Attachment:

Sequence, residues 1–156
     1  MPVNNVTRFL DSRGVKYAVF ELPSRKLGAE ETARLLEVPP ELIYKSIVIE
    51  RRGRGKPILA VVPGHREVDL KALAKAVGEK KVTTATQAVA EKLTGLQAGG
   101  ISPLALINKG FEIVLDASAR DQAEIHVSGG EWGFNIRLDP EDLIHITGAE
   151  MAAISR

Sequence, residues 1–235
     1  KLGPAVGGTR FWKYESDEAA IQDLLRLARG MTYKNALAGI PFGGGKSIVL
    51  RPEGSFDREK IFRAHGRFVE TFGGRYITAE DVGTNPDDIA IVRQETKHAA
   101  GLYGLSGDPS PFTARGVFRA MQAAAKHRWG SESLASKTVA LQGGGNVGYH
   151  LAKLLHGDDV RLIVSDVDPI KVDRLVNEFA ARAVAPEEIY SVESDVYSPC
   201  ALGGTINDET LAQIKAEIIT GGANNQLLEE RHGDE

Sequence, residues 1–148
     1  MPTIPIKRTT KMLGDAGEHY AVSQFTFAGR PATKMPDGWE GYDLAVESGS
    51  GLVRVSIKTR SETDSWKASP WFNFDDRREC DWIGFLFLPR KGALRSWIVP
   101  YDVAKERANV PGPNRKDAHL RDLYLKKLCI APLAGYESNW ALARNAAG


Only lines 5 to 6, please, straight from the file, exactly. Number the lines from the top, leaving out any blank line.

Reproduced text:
   151  MAAISR

Sequence, residues 1–235